This session will look at how to get basic information from our sound algorithms and use it to map graphical parameters to make basic audiovisual synthesizers. We will explore a range of generative drawing techniques including the geometric systems, non-linear systems and noise. We will also look at controlling generative drawing through audio, and using graphics parameters to control sound.
Session 8: VJ/DJ Techniques And Audiovisual Sampling 
In this session we will be using audio signals to control aspects of a video signal using sampled footage and sound files. This means loading a video, understanding how to control a video, and then understanding how to map audio signals into a range that make them useful for video processing.
Session 9: Audio Features And Their Uses: FFT/IFFT/MFCC/Convolution 
In this session we’ll be visualizing audio features using Maximilian’s FFT libs in openFrameworks. Here we can do great effects with not much coding, but getting started is a headache, and the FFT is always tough to conceptualize.
Session 10: Video Manipulation And Analysis 
In this session we will look at an example that allows you to edit the pixels from a movie or a webcam, to create a background subtraction system for doing basic homegrown computer vision. This project also demonstrates how to load a char buffer into a sound object and play it like a sample. Lots of fun I’m sure you will agree. We will also introduce frag shaders as a mechanism for manipulating images.
3 Student
reviews
Cost Free Online Course
Subject Digital Media
Provider Kadenze
Language English
Certificates Paid Certificate Available
Calendar 10 weeks long
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3 reviews for Kadenze's Creative Programming for Audiovisual Art

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a month ago
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Anonymous partially completed this course.
Unfortunately this course is a struggle to get through. The videos are out of date in comparison to the "codecircle" site that Mick uses for the coding, so even in the first video's you'll fail to get sound generated as codecircle is now on a secure HTTPS connection and the maxiLib library is being served from a non-s Read More
Unfortunately this course is a struggle to get through. The videos are out of date in comparison to the "codecircle" site that Mick uses for the coding, so even in the first video's you'll fail to get sound generated as codecircle is now on a secure HTTPS connection and the maxiLib library is being served from a non-secure HTTP connection, which the browser will not permit - It requires some fiddling around to get the library working. Even if you achieve that, Mick refers to code examples that he's created on codecircle, but if you are lucky enough to find them still there, they are mostly not in the initial state that he started with them in the videos, so it's hard to follow along; not to mention that Mick's maxiLib library, whilst available on GitHub, lacks any form of documentation to describe the APIs available, so it's either guesswork or digging in to the details of his Javascript code to try and figure it out. On the plus side, the general principles of generating sounds and the theory of it are good, but I've had to give up after getting to session 6 and getting sick of the lack of supporting files, such as the sample files that he refers to - which others have also complained are missing. It's more work trying to work around and debug your way through this course than it's worth. It's a shame as I was looking forward to the creative graphical side of the course, and it seems pointless trying to do that now. I'm sure the course would be good if it were re-video'd and the core material were re-created to make it available to use.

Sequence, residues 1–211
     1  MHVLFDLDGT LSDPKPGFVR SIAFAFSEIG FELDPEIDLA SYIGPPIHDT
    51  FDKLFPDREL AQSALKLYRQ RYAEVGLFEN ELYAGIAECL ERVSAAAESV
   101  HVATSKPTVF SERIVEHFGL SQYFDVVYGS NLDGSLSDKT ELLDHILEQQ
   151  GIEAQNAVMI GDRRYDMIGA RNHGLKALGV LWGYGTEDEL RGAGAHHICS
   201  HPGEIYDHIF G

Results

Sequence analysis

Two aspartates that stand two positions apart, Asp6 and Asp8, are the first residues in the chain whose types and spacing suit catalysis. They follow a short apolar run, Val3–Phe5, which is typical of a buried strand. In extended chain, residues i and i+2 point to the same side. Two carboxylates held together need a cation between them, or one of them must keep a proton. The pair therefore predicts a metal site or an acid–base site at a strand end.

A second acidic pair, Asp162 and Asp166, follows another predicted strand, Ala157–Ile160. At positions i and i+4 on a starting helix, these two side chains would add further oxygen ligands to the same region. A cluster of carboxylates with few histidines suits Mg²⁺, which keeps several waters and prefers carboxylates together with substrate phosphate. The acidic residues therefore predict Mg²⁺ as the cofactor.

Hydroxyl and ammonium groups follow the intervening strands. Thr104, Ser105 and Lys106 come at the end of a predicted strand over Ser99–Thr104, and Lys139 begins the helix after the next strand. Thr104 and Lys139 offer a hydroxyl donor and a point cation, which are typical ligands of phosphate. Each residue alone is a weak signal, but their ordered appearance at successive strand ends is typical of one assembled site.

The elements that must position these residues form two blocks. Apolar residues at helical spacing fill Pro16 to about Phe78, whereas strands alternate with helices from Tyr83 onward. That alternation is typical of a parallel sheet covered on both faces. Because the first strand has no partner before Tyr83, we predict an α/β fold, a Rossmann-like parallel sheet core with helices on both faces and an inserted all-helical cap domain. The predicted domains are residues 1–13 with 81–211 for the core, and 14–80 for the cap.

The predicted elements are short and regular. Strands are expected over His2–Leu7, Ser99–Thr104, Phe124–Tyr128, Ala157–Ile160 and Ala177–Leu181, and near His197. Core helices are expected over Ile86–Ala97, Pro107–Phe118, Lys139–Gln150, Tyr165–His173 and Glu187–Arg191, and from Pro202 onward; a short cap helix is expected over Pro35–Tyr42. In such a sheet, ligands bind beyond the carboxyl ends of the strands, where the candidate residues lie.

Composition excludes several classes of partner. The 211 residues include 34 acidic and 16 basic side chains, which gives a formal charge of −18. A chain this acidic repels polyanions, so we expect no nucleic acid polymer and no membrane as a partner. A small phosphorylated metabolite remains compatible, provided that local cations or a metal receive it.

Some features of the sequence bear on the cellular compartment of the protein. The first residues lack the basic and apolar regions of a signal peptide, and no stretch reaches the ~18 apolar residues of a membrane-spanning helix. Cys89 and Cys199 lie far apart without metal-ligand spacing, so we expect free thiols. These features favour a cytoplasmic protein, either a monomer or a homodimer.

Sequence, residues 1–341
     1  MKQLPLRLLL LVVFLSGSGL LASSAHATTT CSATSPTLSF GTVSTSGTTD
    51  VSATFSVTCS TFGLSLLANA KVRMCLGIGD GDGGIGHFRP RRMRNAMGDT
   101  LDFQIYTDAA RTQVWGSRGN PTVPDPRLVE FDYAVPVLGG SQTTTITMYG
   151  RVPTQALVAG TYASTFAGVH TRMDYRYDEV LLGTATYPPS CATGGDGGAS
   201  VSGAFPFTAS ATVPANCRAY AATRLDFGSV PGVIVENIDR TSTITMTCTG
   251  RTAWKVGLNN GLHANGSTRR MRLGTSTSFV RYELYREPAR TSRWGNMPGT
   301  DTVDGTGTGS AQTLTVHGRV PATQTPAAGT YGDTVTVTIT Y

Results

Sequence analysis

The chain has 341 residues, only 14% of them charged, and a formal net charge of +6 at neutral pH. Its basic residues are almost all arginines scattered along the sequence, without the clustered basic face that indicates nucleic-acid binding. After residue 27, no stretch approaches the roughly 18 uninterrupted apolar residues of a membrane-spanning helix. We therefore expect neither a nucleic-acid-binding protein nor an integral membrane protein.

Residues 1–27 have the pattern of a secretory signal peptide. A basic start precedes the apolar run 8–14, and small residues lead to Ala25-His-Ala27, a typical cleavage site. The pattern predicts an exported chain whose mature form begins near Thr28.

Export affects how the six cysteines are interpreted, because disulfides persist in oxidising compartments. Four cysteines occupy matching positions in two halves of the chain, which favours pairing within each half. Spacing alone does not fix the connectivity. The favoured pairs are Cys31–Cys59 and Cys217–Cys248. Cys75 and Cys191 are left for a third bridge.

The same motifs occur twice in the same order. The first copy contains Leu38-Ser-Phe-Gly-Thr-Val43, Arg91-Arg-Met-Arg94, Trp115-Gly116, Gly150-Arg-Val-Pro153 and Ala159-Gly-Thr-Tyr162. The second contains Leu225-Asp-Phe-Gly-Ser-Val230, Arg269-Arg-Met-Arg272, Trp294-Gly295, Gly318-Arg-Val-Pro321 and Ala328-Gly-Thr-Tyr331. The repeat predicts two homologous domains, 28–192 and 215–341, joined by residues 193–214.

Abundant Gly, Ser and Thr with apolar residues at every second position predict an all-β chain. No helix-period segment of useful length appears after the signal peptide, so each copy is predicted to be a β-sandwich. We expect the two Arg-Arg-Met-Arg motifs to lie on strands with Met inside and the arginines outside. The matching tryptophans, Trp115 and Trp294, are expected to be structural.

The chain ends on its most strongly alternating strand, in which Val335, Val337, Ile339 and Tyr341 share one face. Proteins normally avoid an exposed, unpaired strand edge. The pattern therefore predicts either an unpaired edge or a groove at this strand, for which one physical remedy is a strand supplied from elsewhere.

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3 months ago
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Anonymous partially completed this course.
I've liked the course and the teacher, the only thing that I would improve is the software used. The JS library is not packaged and available through npm, therefore, it is complicated to integrate it in projects more complex than the sketches done in the exercises.

For the rest, I would suggest this course to anyone who wants to know more about sound and reactive graphics
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a year ago
Leon Fedden is taking this course right now.
Brilliant course and instructors; a great introduction to sonic and graphical art via the computer. Would recommend it to anyone thinking of learning more about how to programmatically generate audio or visuals